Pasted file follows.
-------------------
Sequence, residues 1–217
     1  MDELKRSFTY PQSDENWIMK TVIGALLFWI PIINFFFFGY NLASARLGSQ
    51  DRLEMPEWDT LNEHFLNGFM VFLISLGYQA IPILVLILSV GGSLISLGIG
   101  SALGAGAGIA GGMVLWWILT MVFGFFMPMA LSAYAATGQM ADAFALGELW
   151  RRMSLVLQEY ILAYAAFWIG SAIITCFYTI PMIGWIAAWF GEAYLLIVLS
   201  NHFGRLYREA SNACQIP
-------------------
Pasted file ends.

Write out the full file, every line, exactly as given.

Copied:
Sequence, residues 1–217
     1  MDELKRSFTY PQSDENWIMK TVIGALLFWI PIINFFFFGY NLASARLGSQ
    51  DRLEMPEWDT LNEHFLNGFM VFLISLGYQA IPILVLILSV GGSLISLGIG
   101  SALGAGAGIA GGMVLWWILT MVFGFFMPMA LSAYAATGQM ADAFALGELW
   151  RRMSLVLQEY ILAYAAFWIG SAIITCFYTI PMIGWIAAWF GEAYLLIVLS
   201  NHFGRLYREA SNACQIP